It is impossible to miss the bright lights that illuminate the streetscape near the Fulton Opera House.
Considered to be the nation’s oldest continuously running theater, this building’s home on Prince St. in Downtown Lancaster has seen decades of live music and theater since its first staged production in 1873.
Thriving from the local support they receive, the Fulton Theatre reaches out to all members of the community and encourages everyone, including the many students in the area, to attend its shows and performances.
For many of the often cash strapped college students, however, the relatively high ticket prices can become a roadblock to enjoying a theatre experience. But students are often not aware of the availability of reduced price tickets through the Fulton’s “Student Rush” program.
Through this policy, full-time students can show their current student ID at the box office window starting one hour before curtain time to be given the best seats available at a reduced price of $10.
Currently, Student Rush is only available for Fulton Theatre main stage productions, which is not applicable to non-Fulton events, according to the Fulton’s website. Recently, the Lancaster Symphony has included itself in the Student Rush discount, which students may use to attend performances scheduled for the coming year:
• Cabin Fever, January 16th – 18th
• Of Significance, February 20th – 22nd
• Jubilation, April 10th – 12th
• In Tribute, Memorial Day weekend, May 22nd – 24th
The addition of the Lancaster Symphony to the discount program came as a pleasant surprise for one Millersville University student, who has always wished to attend one of their performances.
For Marie Lynagh, a senior, who is a music minor and has been a member of Millersville’s Orchestra for four years, the new $10 price tag for the Lancaster Symphony has come late in her time as a student here.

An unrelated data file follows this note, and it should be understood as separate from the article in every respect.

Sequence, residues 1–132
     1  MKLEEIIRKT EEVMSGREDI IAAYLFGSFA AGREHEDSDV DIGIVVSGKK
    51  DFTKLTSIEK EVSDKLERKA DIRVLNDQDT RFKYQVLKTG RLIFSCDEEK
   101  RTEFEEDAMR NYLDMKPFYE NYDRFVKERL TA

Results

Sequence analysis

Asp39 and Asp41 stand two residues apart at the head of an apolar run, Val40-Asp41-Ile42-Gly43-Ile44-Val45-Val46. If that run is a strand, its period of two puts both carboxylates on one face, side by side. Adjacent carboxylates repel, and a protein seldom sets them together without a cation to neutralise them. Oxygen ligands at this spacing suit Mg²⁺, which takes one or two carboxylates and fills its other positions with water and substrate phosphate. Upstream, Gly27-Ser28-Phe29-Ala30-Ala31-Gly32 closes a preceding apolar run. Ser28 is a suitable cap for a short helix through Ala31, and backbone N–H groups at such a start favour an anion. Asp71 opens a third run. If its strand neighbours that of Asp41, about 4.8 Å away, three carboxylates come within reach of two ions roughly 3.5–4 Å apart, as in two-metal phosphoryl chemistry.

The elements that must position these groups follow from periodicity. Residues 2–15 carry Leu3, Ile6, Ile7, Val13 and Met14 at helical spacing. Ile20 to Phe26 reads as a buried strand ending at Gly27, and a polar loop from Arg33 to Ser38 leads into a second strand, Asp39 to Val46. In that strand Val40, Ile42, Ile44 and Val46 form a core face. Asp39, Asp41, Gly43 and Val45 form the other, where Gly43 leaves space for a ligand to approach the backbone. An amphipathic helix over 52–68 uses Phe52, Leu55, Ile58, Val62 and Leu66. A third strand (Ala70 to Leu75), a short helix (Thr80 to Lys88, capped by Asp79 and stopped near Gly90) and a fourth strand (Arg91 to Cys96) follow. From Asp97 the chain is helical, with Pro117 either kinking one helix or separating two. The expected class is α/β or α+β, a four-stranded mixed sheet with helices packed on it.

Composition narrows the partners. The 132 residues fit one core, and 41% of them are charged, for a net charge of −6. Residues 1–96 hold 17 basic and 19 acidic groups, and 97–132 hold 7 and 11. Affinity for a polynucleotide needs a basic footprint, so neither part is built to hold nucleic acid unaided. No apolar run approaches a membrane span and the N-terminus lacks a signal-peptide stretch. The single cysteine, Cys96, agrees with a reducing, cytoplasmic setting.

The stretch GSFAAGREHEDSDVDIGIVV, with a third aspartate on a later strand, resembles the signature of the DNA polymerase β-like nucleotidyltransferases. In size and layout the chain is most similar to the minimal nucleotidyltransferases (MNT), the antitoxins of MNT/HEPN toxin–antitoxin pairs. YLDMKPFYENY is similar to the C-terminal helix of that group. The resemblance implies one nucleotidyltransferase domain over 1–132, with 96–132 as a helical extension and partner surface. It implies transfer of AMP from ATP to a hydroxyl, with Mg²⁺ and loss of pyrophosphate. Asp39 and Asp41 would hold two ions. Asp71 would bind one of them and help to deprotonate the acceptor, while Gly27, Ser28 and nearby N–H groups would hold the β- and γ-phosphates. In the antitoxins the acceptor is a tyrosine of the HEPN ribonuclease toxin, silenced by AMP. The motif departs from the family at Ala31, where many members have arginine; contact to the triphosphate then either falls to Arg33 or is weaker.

“It was unfortunate that I was able to afford seeing the Fulton’s theatre productions but unable to see the—presumably equally as stellar—orchestra performances,” she said.
Another Millersville student, senior Luke Helker, who is a music major, appreciates the Fulton productions that he has seen.
“I saw Mary Poppins and Les Miserables. I enjoy seeing shows at The Fulton because they provide the same quality as a professional Broadway show in a convenient and affordable fashion. The Fulton represents the pinnacle in which the Lancaster’s art district can grow and inspire the community,” said Helker.
For students who hope to acquire a behind the scenes perspective, opportunities to volunteer are available.
“We have three different ways to become directly involved with the Fulton that are learning experiences as well – volunteers, shadow opportunities and intern/apprentices,” says Jennifer Ridgeway, Director of Community Engagement at the Fulton Theatre. “Our usher program is the easiest way to volunteer and see shows.”
Those who wish to volunteer as ushers must be 16 years of age or older and should exhibit qualities such as being energetic, hardworking, team-oriented and self-motivated. Job shadowing and interning remain as other possibilities for students who wish to gain experience in the theatrical field or possess a love for theatre.
“High school and college students have shadowed our production team in various stages of the process, and college graduates have worked with us for one full season as an apprentice in positions of stage management, electrics, sound, scenic properties and costumes/wigs,” said Ridgway.
The opportunity to become involved in The Fulton extends beyond simply working behind the scenes or seeing a show—individuals are also given the chance to become involved in an adult acting program which offers a musical theatre class which will be taught by Fulton Theatre actress Jessica Dey this winter.
This spring a scene study class will also be offered. In 2015, The Fulton Theatre will expand their adult program as well as the opportunities they offer professionals, including emerging professionals.
Above all else, Ridgway hopes that students will learn from whichever arts experience they choose to take.
“Always consider the educational experience of the opportunity. Reflect on the inner workings of the organization, how to people relate to one another. When did things go well? What elements supported the success of a productive production meeting? What elements challenged the success of the experience. What would you do differently? This kind of opportunity builds your skills in the business of the art,” she said.
More information can be found on the Fulton Theatre’s website at www.thefulton.org